Rescuers may vary their side of approach to a casualty without impact on cardiopulmonary resuscitation performance
- Christopher M Jones1,
- Christopher J Thorne1,
- Penelope S Colter1,
- Alison Macrae1,
- Gregory A Brown1,
- Jonathan Hulme2
- 1School of Clinical & Experimental Medicine, University of Birmingham, Birmingham, UK
- 2Sandwell and West Birmingham Hospitals NHS Trust, Birmingham City Hospital, Birmingham, UK
- Correspondence to Christopher M Jones, School of Clinical & Experimental Medicine, University of Birmingham, Edgbaston, Birmingham B15 2TT, UK;
Contributors CMJ, CJT, PSC and JH jointly conceived and designed the study. Additional contributions to study design were made by GAB and AM. CMJ, CJT, PSC, GAB and AM recruited participants, and CMJ, CJT, PSC, GAB, AM and JH conducted the trial. Statistical analyses were performed by CMJ, CJT and GAB. CMJ, CJT and JH prepared the initial drafts of this manuscript. CMJ, CJT, PSC, GAB, AM and JH contributed to interpretation of the findings, and revision and approval of the final manuscript.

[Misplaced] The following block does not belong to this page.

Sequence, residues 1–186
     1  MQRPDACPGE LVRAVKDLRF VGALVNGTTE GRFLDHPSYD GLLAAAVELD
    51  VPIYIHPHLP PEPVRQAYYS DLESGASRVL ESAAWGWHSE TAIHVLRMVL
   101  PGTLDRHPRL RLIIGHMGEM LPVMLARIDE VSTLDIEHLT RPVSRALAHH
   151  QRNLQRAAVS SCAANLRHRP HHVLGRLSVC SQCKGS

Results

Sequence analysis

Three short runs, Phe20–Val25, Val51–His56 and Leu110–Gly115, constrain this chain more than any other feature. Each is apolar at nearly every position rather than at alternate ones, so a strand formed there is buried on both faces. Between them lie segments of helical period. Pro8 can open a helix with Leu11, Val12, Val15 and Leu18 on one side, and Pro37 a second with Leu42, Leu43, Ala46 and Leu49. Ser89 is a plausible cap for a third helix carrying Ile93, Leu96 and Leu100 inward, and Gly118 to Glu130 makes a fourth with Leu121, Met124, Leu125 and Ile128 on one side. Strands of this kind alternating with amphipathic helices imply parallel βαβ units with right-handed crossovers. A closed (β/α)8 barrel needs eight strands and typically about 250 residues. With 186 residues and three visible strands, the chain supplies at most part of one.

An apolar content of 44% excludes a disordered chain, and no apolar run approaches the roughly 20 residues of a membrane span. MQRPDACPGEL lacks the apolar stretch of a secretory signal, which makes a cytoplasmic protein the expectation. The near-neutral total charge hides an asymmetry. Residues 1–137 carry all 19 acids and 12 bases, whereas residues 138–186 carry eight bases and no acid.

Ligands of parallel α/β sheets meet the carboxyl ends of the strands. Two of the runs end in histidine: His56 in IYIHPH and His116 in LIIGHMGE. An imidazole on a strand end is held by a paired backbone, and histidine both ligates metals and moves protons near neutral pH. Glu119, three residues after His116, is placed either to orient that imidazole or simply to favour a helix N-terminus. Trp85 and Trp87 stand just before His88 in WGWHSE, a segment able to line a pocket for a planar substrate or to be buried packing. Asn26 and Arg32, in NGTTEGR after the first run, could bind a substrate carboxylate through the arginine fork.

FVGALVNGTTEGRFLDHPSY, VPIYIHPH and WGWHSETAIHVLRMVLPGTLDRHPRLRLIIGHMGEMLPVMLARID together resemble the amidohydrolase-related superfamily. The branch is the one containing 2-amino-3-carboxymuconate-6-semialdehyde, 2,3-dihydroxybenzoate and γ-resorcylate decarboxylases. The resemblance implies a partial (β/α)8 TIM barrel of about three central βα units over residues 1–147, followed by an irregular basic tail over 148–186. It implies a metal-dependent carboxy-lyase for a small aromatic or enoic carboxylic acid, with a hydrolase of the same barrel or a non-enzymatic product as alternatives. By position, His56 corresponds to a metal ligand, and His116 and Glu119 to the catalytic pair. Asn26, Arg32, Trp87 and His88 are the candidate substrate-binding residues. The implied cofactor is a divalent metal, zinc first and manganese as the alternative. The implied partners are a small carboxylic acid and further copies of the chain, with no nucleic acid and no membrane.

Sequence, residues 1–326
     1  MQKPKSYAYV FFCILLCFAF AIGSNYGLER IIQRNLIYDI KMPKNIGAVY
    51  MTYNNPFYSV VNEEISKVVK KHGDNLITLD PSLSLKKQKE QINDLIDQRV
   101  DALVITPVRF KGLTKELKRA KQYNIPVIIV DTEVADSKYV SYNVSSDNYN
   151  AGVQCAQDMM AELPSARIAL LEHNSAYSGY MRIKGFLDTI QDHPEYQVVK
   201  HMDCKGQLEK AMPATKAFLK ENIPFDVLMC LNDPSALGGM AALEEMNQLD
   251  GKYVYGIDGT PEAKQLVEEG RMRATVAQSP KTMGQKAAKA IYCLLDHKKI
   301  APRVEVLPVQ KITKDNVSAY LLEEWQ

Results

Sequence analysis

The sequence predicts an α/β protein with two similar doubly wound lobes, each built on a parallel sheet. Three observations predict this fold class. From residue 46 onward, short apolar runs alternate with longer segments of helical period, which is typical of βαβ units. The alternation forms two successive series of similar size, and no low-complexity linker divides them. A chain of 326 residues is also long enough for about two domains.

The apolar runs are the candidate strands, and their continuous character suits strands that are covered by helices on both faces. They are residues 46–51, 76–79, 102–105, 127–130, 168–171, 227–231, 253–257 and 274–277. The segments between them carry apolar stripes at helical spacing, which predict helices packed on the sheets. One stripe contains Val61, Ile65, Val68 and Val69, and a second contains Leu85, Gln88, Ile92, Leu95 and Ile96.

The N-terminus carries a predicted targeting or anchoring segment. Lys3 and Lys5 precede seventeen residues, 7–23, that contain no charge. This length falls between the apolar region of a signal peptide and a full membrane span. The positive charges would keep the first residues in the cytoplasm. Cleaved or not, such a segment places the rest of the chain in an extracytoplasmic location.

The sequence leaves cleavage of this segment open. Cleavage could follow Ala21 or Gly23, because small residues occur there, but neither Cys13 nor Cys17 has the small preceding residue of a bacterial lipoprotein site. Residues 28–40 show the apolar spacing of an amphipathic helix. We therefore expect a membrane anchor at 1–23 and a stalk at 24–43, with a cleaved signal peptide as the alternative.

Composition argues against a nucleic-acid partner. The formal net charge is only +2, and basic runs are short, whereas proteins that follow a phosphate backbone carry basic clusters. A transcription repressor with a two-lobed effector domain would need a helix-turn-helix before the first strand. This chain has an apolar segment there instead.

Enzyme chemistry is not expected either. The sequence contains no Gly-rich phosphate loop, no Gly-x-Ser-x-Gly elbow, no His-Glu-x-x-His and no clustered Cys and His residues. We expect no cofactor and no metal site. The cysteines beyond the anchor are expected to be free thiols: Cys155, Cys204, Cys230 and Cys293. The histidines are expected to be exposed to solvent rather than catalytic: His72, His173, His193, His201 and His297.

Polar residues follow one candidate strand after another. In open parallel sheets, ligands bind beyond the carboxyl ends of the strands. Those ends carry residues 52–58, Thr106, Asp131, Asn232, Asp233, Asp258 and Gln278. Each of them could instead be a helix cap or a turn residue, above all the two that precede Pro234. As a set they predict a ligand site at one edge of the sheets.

- Accepted 21 November 2011
- Published Online First 8 December 2011
Aim To determine whether cardiopulmonary resuscitation (CPR) performance is influenced by a rescuer's preferred side of approach.
Methods Eighty-three first-year healthcare students were enrolled in a prospective randomised crossover study comparing chest compression quality during uninterrupted chest compression CPR after approach from both their preferred and non-preferred sides.
Results Chest compression quality was not dependent on rescuers' sidedness preference; neither mean compression rate and depth nor hand positioning differed between sides of approach.
Conclusions No link exists between the side from which a rescuer approaches, or prefers to approach, a casualty and chest compression quality.
- Cardiopulmonary resuscitation (CPR)
- chest compression
- prehospital care
- intensive care
- acute medicine
- major incidents
- analgesia pain control
Competing interests None.
Provenance and peer review Not commissioned; externally peer reviewed.